Top Books on Honor-Shame Ethics

A stream of 21st-century philosophers are rehabilitating honor in philosophical discourse. Even the collaborative website is “devoted to the study of honor as an ethical value.” These philosophers argue how honor and shame can be redemptive moral values. As one philosopher says,

“honor is purportedly archaic, primitive, violent, patriarchal, vain superficial, discriminatory, conformist, and even silly, [but] we can ignore or banish honor only at our peril. … We need a sense of honor, one duly cleansed of the undeniable ills of honor’s past.”

This post introduces the main philosophy publications on honor-shame.

Top Popular Books

Three books stand out as most readable. These are written for popular audiences, using everyday language with engaging examples.

  1. The Honor Code: How Moral Revolutions Happen (2010), by Anthony Appiah. This readable book offers four case studies of moral revolutions—i.e., dueling, foot binding, slave trade, and honor killing—in which altering notions of honor caused positive social changes. A thoughtful reflection on the important concept of “honor codes.”
  1. Is Shame Necessary?: New Uses for an Old Tool (2015), by Jennifer Jacquet. A short, engaging exploration into social shame and how it might be used to promote large-scale political change and social reform. Guilt shapes individual behavior but fails to change social institutions.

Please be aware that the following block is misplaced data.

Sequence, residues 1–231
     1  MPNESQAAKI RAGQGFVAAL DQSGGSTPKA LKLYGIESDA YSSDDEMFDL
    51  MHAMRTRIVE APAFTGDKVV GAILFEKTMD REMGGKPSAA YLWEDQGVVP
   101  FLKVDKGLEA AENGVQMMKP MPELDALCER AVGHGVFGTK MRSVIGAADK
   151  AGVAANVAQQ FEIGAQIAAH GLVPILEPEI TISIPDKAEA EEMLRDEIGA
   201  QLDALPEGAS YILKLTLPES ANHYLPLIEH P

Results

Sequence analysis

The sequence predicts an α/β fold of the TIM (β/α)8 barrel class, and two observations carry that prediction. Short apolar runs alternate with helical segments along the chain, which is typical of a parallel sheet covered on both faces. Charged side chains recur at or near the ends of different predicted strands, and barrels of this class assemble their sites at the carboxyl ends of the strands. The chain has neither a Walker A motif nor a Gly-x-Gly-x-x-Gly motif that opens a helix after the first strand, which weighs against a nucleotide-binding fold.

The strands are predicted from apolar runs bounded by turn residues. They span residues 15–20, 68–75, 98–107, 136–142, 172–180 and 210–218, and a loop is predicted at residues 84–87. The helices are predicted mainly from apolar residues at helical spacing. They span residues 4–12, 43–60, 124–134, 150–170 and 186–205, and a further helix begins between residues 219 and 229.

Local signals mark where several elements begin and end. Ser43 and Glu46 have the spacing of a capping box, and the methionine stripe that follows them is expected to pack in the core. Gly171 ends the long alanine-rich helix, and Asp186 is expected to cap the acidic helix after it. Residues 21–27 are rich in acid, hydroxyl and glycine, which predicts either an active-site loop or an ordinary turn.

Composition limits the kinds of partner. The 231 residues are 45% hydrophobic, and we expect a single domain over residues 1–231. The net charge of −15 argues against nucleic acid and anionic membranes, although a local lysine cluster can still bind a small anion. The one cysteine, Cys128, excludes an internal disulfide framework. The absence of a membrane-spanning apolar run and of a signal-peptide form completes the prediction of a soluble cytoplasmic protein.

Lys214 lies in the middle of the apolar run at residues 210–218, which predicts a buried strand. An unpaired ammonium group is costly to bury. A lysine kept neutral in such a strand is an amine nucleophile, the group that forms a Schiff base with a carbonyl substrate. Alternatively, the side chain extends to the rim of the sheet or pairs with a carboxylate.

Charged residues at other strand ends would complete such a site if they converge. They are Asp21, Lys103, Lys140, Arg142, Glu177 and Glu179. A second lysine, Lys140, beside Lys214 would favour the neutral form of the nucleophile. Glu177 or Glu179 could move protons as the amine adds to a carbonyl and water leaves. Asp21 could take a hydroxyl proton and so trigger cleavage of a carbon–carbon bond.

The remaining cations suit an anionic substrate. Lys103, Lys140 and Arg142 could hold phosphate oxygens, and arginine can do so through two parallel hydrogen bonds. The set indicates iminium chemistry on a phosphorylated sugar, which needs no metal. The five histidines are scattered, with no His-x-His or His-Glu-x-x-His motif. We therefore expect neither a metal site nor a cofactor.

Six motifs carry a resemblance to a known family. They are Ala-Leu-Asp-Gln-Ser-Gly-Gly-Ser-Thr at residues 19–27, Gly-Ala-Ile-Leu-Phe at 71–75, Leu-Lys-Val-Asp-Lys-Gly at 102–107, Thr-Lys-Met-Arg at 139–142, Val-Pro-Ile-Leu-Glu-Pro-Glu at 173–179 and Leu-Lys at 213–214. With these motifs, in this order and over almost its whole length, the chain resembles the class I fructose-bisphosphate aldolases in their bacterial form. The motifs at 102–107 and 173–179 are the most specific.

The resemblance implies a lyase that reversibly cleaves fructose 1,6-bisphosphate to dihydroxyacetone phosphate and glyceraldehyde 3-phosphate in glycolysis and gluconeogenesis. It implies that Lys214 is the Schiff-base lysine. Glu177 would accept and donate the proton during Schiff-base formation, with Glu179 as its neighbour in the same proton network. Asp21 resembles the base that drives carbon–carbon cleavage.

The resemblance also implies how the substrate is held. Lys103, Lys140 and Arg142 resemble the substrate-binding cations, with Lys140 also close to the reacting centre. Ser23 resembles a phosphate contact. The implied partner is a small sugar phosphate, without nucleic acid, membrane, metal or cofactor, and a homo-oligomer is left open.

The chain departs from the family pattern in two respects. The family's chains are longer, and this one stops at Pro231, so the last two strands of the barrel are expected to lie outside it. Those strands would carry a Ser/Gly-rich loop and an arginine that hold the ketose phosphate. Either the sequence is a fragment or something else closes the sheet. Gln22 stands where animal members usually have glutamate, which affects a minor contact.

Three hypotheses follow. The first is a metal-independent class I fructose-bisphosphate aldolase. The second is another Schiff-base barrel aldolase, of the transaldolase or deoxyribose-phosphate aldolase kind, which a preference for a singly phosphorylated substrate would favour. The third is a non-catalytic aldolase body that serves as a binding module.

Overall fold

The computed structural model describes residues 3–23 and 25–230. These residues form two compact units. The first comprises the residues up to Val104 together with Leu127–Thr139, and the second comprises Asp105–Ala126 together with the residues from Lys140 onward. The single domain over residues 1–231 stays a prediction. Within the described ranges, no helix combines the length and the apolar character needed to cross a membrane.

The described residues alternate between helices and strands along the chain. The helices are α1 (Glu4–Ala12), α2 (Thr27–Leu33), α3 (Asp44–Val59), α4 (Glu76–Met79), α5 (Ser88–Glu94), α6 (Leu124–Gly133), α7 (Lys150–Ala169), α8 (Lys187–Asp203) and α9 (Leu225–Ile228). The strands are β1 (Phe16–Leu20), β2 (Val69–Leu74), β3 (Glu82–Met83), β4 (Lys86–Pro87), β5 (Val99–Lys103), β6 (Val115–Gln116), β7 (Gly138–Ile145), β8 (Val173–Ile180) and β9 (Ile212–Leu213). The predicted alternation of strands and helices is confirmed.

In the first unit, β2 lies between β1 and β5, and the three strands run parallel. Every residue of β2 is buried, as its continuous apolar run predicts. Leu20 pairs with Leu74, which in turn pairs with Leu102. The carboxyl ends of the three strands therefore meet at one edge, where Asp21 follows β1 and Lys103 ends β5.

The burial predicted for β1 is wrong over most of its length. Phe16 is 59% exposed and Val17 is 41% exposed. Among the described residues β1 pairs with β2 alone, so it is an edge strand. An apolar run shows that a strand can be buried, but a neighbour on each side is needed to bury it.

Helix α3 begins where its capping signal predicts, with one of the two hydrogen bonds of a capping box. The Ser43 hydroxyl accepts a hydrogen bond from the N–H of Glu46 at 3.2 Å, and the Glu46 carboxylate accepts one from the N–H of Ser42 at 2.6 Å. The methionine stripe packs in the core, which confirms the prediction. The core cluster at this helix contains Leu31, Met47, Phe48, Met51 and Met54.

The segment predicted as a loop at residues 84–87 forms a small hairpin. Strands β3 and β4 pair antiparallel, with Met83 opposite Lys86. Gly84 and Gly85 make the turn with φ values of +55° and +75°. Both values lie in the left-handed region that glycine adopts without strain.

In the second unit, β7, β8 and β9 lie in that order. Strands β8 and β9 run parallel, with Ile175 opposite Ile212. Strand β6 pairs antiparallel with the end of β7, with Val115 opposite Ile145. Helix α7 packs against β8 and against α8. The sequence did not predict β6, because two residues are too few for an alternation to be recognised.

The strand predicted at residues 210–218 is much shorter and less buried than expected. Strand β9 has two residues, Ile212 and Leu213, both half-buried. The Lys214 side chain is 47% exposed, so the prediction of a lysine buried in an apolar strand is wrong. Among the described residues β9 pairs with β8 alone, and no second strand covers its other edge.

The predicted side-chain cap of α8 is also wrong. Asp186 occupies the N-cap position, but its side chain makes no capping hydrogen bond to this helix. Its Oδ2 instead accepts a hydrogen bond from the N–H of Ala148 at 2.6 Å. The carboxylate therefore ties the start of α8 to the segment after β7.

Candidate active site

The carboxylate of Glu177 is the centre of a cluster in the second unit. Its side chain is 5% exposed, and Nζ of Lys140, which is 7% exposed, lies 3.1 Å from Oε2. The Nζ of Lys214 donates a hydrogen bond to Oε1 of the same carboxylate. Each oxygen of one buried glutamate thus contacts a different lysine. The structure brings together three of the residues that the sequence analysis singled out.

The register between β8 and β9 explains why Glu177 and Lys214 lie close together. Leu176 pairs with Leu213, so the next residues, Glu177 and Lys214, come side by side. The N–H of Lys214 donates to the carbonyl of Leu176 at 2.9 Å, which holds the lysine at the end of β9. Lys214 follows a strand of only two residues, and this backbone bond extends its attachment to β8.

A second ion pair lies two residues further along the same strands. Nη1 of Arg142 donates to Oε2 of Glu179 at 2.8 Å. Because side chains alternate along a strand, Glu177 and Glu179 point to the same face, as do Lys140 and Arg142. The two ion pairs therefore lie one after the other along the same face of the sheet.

1. Why Honor Matters (2018), by Tamler Sommers. This recent book convincingly argues for restoring honor to the center of morality. For Sommers, honor offers a solution to the problems of Western liberalism such as alienation, shameless, and cowardiceness. This book is persuasive and provocative. For more, read the reviews by Jackson Wu and Werner Mishcke.

 “On the Obsolescence of the Concept of Honor,”(1983) by Peter Berger in Revisions: Changing Perspectives in Moral Philosophy (p. 172-81) is a classic worth reading. He explains how Western society is shifting from honor morality to dignity morality. 

Another quality book is Honor: A History by James Bowman. He emphasizes on the decline of honor in the the West. 

There are also several academic works. These are technical works, most beneficial for doctoral students or insomniacs.

  • Bagby, Laurie M. Johnson. 2009. Thomas Hobbes: Turning Point for Honor. Lanham: Lexington Books.
  • Cunningham, Anthony. 2013. Modern Honor: A Philosophical Defense. New York: Routledge.
  • Deonna, Julien A., Raffaele Rodogno, and Fabrice Teroni. 2011. In Defense of Shame: The Faces of an Emotion. Oxford and New York: Oxford University Press.
  • Fan, Ruiping. 2010. Reconstructionist Confucianism: Rethinking Morality after the West. New York: Springer.
  • Olsthoorn, Peter. 2015. Honor in Political and Moral Philosophy. Albany, NY: State University of New York Press.
  • Oprisko, Robert L. 2012. Honor: A Phenomenology. New York: Routledge.
  • Sessions, William Lad. 2010. Honor for Us: A Philosophical Analysis, Interpretation and Defense. New York: Continuum.

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